They are top-secret missions manned by specially trained intelligence and military elite. Covert operations using unconventional tactics outside the standard protocol. This episode uncovers the clandestine activities and state-of-the-art training of the U.S. Special Forces that undertake the most dangerous surveillance, reconnaissance, and intelligence collecting missions on Earth. What makes a mission a Black Operation or Black Op? Who approves a mission--and how much does the President know? What secret training prepares a soldier for these life and death assignments? How is the CIA involved in Black Ops? From cloak and dagger spy games to hand-to-hand combat, Black Ops are shrouded in secrecy...until now.
A black operation or black op is a covert operation by a government, a government agency, or a military organization. This can include activities by private companies or groups. A black operation typically involves activities that are highly clandestine and often outside of standard military/intelligence protocol, sometimes against the law. Key features of a black operation are that it is clandestine, it has negative overtones, and it is not attributable to the organization carrying it out. The main difference between a black operation and one that is merely clandestine is that a black operation involves a significant degree of deception, to conceal who is behind it or to make it appear that some other entity is responsible ("false flag" operations).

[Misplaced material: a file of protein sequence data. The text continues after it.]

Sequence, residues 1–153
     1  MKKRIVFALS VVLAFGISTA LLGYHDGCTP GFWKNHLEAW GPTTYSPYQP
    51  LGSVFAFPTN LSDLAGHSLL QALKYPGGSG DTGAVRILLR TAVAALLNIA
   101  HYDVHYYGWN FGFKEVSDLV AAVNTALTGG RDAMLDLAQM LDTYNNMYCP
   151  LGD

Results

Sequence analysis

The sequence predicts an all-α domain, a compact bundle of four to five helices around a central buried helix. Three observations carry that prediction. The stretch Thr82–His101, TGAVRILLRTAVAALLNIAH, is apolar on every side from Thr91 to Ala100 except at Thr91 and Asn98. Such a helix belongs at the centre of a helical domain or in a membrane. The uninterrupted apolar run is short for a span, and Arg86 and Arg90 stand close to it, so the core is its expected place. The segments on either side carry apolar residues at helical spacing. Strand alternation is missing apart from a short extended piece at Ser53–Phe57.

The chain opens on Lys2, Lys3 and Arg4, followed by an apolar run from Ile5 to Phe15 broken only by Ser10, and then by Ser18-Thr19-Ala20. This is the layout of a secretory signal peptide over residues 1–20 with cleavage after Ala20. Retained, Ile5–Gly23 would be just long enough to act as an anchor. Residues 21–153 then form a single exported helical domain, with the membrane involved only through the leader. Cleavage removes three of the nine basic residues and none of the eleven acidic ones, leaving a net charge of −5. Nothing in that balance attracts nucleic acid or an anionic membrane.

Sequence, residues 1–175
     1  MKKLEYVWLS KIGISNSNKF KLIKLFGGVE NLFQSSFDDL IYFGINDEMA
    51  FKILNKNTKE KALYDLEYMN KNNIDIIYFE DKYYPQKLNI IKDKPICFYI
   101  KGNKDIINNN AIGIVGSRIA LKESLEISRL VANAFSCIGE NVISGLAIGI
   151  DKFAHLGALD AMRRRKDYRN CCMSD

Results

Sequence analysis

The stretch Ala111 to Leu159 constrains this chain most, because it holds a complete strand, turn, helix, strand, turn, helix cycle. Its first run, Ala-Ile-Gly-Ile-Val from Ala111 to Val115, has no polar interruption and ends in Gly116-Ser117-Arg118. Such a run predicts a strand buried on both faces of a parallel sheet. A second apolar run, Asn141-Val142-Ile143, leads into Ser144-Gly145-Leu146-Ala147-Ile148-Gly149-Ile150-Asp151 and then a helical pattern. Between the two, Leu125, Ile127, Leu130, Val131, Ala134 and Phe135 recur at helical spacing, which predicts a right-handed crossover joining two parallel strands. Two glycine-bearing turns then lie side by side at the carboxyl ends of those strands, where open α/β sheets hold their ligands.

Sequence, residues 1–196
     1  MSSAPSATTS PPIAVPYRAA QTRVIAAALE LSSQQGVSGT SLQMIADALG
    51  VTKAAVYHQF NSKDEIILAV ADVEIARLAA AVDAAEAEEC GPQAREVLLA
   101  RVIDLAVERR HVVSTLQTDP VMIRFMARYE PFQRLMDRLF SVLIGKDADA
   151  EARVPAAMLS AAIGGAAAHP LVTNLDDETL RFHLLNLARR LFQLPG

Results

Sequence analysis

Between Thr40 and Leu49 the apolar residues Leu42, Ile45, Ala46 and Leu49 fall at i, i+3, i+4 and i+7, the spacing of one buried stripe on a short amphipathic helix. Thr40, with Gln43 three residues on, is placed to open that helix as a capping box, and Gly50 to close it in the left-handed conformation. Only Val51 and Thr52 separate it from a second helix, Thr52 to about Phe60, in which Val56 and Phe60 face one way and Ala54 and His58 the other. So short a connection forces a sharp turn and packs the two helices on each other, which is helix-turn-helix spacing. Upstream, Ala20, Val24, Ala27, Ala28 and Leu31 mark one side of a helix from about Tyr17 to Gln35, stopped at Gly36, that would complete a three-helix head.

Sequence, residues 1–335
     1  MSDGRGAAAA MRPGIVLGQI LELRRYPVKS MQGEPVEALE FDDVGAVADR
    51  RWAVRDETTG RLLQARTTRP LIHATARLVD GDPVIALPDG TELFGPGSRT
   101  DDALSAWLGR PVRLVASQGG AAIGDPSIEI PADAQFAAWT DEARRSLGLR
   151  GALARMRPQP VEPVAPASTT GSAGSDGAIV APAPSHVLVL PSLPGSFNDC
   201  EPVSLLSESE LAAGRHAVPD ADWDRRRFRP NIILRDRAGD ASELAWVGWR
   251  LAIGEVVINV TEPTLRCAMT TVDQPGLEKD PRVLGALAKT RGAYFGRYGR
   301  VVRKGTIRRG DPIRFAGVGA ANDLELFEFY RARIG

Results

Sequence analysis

A single such activity may be called a "black bag operation"; that term is primarily used for covert or clandestine surreptitious entries into structures to obtain information for human intelligence operations. Such operations are known to have been carried out by the FBI, the Central Intelligence Agency, Mossad, MI6 and the intelligence services of other nations. In 2007 the Central Intelligence Agency declassified secret records detailing illegal domestic surveillance, assassination plots, kidnapping, and infiltration and penetration of other "black" operations undertaken by the CIA from the 1950s to the early 1970s. CIA Director General Michael Hayden explained why he released the documents, saying that they provided a "glimpse of a very different time and a very different agency". In May 2007 ABC News, and later the Daily Telegraph, reported that United States president George W. Bush had authorized the CIA to undertake "black operations" in Iran in order to promote regime change as well as to sabotage Iran's nuclear program. ABC News was subsequently criticized for reporting the secret operation, with 2007 presidential candidate Mitt Romney saying he was "shocked to see the ABC News report regarding covert action in Iran," but ABC said the CIA and the Bush Administration knew of their plans to publish the information and raised no objections.